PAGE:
Stocks peaked on Oct. 9 that year, at a time when conditions looked remarkably similar to how they look today. Stocks had suffered a double-dip in the previous year and had pushed over old highs set a few months prior. All was right with the world, and the market was going vertical. Bullish sentiment surged, and skeptics were dismissed.

Then, like now, hopes were high that an unquantifiable risk (the subprime problem) would be contained and papered over by the Federal Reserve. Then, like now, corporate earnings were under pressure from weak revenue growth and rising costs, but there was hope Chinese demand would compensate.

Then, like now, the market had separated massively from the economic fundamentals -- as shown in the chart below of the Citigroup U.S. Economic Surprise Index (which measures where the real data is coming in, compared with Wall Street expectations) versus the Standard & Poor's 500 Index ($INX).

Market vs. economy © Scott Barker, Reuters

People were lulled into a false sense of security by ridiculous, outlier data points that were later downwardly revised. Then, it was GDP growth estimates. In 2007, the bull market top was fueled by second- and third-quarter GDP growth estimates of 3.8% and 3.9%. This reversed a two-year deceleration in growth and confounded the pessimists.

Now, it's a drop in the unemployment rate driven not by job growth but by people leaving the workforce in disgust -- which is why the employment-to-population rate has fallen to early-1980s levels.

Within a year of 2007’s rosy predictions,the economy was miredin recession. The chart below shows what happened to stocks.

S&P 500 Large Cap ©

After the dust settled, the government revised those 2007 growth estimates down to 2.5% and 2.2%. But of course, it didn't refund the losses suffered by investors who, in October 2007, wanted to believe Uncle Sam.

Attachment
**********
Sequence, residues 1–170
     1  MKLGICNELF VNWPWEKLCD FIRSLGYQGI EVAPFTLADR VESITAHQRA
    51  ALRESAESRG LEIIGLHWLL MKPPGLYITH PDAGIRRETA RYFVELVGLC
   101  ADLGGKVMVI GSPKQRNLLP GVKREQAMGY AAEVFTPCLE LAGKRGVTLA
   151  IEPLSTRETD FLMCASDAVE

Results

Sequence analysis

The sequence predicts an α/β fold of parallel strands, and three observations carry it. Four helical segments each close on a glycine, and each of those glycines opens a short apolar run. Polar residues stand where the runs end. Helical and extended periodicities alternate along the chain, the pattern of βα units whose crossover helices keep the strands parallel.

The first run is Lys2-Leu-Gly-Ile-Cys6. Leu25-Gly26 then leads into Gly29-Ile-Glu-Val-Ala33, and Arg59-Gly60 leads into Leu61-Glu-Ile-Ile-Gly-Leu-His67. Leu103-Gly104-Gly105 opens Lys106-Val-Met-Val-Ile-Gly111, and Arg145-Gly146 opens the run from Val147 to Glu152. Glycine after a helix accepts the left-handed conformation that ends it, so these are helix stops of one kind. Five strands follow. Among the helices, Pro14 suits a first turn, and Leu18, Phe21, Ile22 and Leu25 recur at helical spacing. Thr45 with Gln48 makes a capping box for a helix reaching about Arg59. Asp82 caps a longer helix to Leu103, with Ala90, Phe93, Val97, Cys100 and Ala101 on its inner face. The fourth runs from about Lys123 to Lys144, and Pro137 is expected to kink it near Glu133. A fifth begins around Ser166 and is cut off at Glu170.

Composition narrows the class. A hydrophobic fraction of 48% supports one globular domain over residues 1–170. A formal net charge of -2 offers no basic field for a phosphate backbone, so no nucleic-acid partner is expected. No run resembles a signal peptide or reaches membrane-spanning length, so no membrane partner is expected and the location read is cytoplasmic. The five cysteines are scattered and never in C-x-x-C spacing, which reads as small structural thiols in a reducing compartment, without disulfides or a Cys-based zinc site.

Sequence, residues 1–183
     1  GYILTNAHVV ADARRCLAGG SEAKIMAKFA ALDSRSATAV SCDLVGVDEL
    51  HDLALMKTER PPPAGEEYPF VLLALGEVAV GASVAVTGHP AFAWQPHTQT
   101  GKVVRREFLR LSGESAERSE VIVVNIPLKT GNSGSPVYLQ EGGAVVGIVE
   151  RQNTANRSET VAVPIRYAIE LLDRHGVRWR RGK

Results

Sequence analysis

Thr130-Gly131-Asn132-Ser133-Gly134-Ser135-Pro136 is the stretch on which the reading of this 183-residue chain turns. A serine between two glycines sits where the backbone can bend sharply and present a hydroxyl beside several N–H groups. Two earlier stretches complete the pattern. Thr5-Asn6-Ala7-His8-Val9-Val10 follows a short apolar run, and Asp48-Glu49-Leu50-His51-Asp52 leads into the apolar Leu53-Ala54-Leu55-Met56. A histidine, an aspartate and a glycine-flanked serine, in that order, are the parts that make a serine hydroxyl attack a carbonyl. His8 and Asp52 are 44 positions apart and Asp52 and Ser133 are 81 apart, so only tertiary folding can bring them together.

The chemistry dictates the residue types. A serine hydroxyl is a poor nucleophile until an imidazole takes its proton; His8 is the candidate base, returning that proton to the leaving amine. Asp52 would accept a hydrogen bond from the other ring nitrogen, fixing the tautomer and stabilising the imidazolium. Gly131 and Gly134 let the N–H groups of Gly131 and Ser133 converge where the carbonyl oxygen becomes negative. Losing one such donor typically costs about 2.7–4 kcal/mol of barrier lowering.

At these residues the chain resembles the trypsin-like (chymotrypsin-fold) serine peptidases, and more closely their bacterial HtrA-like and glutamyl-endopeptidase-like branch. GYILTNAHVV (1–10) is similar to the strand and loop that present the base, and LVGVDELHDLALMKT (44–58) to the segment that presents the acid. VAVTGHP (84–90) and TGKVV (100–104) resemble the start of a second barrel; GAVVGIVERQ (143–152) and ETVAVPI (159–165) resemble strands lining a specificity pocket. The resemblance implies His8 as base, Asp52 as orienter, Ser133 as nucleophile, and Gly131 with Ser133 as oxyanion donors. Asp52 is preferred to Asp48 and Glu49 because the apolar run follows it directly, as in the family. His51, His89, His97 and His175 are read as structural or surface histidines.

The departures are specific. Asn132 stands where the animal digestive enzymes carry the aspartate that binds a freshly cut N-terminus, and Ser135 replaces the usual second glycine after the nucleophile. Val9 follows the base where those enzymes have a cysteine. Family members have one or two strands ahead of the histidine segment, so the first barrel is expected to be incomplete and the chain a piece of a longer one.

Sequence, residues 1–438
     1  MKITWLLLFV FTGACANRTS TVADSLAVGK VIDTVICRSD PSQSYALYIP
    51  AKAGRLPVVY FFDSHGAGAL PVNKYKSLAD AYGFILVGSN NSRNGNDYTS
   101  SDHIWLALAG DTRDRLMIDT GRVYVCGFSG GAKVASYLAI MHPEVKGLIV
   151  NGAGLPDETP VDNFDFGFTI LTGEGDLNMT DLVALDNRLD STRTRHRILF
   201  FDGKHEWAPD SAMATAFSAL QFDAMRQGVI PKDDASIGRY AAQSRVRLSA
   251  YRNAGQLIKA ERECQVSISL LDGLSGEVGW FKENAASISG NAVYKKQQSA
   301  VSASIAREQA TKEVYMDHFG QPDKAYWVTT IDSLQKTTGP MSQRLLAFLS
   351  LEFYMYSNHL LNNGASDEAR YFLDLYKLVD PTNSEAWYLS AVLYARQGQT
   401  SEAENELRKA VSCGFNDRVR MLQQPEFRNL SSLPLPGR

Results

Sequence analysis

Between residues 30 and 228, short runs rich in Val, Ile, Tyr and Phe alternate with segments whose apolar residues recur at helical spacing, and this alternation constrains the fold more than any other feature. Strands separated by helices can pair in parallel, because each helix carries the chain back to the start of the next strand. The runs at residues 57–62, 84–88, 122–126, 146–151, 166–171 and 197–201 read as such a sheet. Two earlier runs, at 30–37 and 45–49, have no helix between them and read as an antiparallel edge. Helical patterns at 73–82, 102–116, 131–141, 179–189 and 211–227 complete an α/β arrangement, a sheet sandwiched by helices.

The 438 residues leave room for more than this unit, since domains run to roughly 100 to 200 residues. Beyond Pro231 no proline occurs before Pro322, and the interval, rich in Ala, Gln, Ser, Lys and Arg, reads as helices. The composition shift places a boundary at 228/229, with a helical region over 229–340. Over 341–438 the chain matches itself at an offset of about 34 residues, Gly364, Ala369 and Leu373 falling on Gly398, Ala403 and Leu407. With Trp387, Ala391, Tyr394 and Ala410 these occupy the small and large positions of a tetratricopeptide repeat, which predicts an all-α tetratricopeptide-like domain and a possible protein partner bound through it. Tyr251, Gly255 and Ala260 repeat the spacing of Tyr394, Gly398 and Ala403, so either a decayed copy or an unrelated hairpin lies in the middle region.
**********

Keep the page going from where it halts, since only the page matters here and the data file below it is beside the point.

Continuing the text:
What makes me think something similar could happen now?

Most important, the stock market has disconnected from economic realities on the ground again, as shown below.

Market vs. economy © Scott Barker, Reuters

I'll add two more things:

  • The CBOE Market Volatility Index ($VIX), a commonly used gauge of market unease, is finally showing signs of caution. A more obscure gauge of this in the options market, the Credit Suisse Fear Barometer, has been showing the same for weeks. Maybe the fog of irrationality and lingering good vibes from the fiscal cliff deal are ending. Whatever the cause, options traders are starting to worry about downside risk again -- and are paying up for protection from downside losses.
  • Despite impressions to the contrary, fourth-quarter earnings season is turning into a dud. As of Jan. 25, with 47% of the S&P 500 reporting, earnings are tracking 6% below the $25.51 consensus estimate on Jan. 4. Of those companies that have reported, they've collectively missed the consensus estimate for their share of total S&P 500 earnings by 13%. Because of this, the 53% of companies left to report had better be bringing good numbers, or we could be looking at an outright drop in earnings per share versus last year.

So while we face the prospect of negative EPS growth this quarter, bottom-up Wall Street analysts (a traditionally bullish bunch) are looking for earnings growth to reaccelerate to a mind-numbing 23% rate by the fourth quarter of 2013.

That just won't happen. Nor is GDP growth going to reaccelerate to more than 3% later this year, as many economists believe.

Weak earnings. Weak economy. Fiscal austerity and political uncertainty. Higher taxes. Narrowing market participation. Weakness in industrial metals.

And yet, extreme bullish sentiment and one of the least volatile rallies in the past 40 years.

By all indications, the current surge is a blow-off top, just like the one we had in 2007.